The Oprah Winfrey Show is in its 25th and final season. On January 1st, 2011, the Oprah Winfrey Network (OWN) was launched on cable television. Like any new 24 hour television network there are challenges. Newsweek ran article in its February7th edition titled, “Is Oprah’s Network Too White?” The article speaks to the concerns expressed by some African-Americans about the lack of diversity on the Oprah Winfrey Network.
By close observation of the hosts on Oprah’s network, there is one African-American (Gayle King), an Asian-American (Lisa Ling), a Turkish-American (Dr. Mehmet Oz), and an abundance of Caucasian hosts which include and are not limited to Dr. Phil McGraw, Suze Orman, Peter Walsh, Dr. Laura Berman and Cristina Ferrare. Is Oprah’s OWN not black enough?
The Newsweek article noted the drop in OWN’s viewership after the premiere week from 1.1 million viewers to 287,000 in recent weeks. As recently as May 6th, the CEO of OWN was fired because of the network’s dismal ratings in its four months of existence. According to news reports, the channel has been a letdown for the Discovery network. After Discovery invested about 100 million into the channel, there is an expectation that the network would re-evaluate its strategy. Women in the mid 20s to 30s seem to have lost interest in the network.
In contrast to BET’s The Game which netted 7.3 million viewers, the article begged the question as to whether OWN has failed to reach out to the African-American demographic. Some African Americans, according to the article seem to adopt the view that the network should produce more shows that will appeal to all Americans. On the other hand, the article asks the question “Is it fair to hold Oprah to the responsibility of diversifying television and the media?” Can Oprah do more to diversify the media?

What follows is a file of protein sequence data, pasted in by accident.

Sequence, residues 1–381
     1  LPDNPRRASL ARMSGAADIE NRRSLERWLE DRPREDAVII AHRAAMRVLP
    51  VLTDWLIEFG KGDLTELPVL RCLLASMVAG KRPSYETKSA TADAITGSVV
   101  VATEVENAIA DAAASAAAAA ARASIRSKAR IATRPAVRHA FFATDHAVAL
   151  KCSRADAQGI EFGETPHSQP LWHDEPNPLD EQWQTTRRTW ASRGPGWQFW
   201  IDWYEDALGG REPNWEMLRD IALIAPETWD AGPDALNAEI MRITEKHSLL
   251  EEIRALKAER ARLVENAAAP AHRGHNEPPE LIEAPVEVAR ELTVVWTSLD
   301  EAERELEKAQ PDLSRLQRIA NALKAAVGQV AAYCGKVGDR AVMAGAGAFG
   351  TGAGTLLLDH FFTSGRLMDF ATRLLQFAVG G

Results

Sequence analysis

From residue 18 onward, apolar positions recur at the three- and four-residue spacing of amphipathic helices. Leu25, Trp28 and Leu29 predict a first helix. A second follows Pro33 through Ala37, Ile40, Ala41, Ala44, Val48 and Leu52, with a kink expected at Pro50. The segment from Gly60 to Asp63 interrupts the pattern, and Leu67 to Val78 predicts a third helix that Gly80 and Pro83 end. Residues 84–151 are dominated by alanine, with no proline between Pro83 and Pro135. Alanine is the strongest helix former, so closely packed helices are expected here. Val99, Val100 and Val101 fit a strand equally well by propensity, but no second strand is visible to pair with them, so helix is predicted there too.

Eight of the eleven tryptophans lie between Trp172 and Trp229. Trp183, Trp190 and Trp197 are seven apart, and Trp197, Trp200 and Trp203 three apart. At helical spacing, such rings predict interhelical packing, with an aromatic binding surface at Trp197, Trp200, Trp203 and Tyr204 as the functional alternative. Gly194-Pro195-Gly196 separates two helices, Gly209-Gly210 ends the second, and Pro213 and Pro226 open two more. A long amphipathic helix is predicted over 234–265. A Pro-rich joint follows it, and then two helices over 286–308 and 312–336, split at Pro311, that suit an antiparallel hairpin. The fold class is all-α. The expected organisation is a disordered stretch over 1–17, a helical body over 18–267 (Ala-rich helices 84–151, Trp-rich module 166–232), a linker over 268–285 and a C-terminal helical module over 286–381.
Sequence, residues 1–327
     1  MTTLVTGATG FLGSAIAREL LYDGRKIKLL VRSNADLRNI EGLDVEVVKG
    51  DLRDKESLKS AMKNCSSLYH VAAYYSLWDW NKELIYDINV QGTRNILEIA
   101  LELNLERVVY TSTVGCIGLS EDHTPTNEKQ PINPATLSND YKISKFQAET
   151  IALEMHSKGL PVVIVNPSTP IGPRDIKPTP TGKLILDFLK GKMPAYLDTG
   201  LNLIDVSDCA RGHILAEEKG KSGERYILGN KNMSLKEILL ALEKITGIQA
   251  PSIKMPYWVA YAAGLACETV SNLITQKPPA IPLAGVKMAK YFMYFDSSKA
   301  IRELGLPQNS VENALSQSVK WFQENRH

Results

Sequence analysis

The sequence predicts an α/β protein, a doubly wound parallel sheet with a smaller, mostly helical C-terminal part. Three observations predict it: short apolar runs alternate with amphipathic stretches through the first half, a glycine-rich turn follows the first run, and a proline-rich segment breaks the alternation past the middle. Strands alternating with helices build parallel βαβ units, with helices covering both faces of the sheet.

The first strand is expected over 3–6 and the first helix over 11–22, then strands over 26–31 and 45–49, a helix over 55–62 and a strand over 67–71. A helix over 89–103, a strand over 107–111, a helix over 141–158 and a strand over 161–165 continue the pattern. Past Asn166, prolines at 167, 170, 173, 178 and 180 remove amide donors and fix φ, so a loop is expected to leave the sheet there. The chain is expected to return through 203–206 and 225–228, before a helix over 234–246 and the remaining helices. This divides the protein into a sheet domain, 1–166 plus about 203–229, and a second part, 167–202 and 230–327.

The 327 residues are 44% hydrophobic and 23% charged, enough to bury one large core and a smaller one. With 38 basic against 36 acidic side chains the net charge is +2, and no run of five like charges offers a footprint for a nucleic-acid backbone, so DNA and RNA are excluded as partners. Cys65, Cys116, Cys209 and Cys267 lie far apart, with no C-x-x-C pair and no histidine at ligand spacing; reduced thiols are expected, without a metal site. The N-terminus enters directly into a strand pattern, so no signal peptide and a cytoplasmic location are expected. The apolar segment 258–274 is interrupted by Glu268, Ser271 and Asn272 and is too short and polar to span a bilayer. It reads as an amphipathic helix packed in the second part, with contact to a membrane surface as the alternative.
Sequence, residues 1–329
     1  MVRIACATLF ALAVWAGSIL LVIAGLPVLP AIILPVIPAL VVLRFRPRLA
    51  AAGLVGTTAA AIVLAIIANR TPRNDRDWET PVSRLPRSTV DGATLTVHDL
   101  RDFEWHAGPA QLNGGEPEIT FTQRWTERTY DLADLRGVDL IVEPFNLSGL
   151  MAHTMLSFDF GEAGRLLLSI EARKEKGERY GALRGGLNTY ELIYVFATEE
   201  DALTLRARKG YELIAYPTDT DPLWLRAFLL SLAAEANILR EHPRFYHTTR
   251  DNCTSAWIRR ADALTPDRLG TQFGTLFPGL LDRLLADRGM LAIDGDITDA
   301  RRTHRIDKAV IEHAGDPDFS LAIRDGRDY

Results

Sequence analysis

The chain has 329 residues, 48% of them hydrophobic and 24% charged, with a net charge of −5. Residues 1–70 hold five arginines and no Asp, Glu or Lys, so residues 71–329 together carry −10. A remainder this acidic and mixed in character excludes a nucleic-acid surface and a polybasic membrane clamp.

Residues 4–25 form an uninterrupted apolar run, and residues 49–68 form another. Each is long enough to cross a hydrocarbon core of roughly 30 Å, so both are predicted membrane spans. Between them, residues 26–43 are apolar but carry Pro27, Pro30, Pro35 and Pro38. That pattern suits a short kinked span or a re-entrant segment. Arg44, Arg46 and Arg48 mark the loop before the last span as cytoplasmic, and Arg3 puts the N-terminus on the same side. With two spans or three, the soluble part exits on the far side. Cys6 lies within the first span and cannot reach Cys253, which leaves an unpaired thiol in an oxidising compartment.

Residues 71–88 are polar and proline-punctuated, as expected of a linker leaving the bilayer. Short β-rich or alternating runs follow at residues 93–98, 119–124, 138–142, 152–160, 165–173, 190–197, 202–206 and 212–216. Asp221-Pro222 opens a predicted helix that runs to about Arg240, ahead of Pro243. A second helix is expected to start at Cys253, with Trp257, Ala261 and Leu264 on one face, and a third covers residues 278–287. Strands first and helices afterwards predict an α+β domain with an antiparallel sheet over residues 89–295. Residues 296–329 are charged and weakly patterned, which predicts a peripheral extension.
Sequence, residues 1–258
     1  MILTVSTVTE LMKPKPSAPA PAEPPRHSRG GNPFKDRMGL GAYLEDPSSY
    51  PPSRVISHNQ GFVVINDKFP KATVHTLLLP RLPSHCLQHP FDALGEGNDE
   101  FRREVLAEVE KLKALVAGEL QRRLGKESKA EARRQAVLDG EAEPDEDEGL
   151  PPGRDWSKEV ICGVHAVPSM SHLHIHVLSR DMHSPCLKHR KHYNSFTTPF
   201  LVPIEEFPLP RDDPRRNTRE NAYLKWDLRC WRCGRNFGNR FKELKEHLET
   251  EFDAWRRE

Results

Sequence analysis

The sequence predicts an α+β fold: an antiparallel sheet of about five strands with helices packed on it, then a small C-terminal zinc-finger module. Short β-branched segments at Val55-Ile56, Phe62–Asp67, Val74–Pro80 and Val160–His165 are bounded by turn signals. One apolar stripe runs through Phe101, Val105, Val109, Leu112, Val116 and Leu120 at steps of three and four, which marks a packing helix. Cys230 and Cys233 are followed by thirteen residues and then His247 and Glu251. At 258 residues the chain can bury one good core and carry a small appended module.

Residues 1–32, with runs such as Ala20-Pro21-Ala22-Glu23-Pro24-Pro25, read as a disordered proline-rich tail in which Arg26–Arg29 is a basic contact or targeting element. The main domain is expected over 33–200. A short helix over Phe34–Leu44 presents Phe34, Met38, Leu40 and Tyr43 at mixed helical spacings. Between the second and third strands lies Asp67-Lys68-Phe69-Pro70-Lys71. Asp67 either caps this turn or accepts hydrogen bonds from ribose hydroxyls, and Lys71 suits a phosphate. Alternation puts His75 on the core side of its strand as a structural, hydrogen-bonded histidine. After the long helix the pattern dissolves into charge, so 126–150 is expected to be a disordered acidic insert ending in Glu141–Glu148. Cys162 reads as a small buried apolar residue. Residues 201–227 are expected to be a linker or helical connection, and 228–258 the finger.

It is a serious feat for Miss Winfrey to embark on this new journey and she should be applauded. In this celebrity-driven society, there are so many expectations laid at the feet of the famous person. Celebrities are viewed as superhuman because of their towering influence on everything that moves in the universe. My mind is drawn to the vast array of expectations that were placed on the shoulders of our first African-American President Barack Obama. That is a psychological process which seems to be inculcated in our minds from the moment we attach ourselves to someone graced with celebrity status.
Any avid viewer of The Oprah Winfrey Show would have realized by now that Oprah addresses issues that affect every strata of society. There have been many episodes that address matters pertaining to race, sexual orientation, religious persuasions and politics. The problem is that some persons think that she is not being true to her ethnicity. For some people she is just not black enough.
Why is there an onus placed on OWN to bridge the racial gap? It seems rather unfair when there is an obvious dearth of shows on the Big Three (ABC, CBS and NBC) which appeal to the African-American, Hispanic and Asian and Native-American communities. When will we see a person of color taking the lead on shows such as The Bachelor and The Bachelorette show on the Big Three networks? Why not appeal to those media outlets instead of turning the focus to a blossoming network? Diversifying the media cannot be the responsibility of one person. It is incumbent upon all who have power and influence in the media to allow for the fair distribution of diversity in entertainment.
Do you believe that this expectation of media diversity at Oprah’s OWN network is fair? What do you think should be done to make the entire media diverse?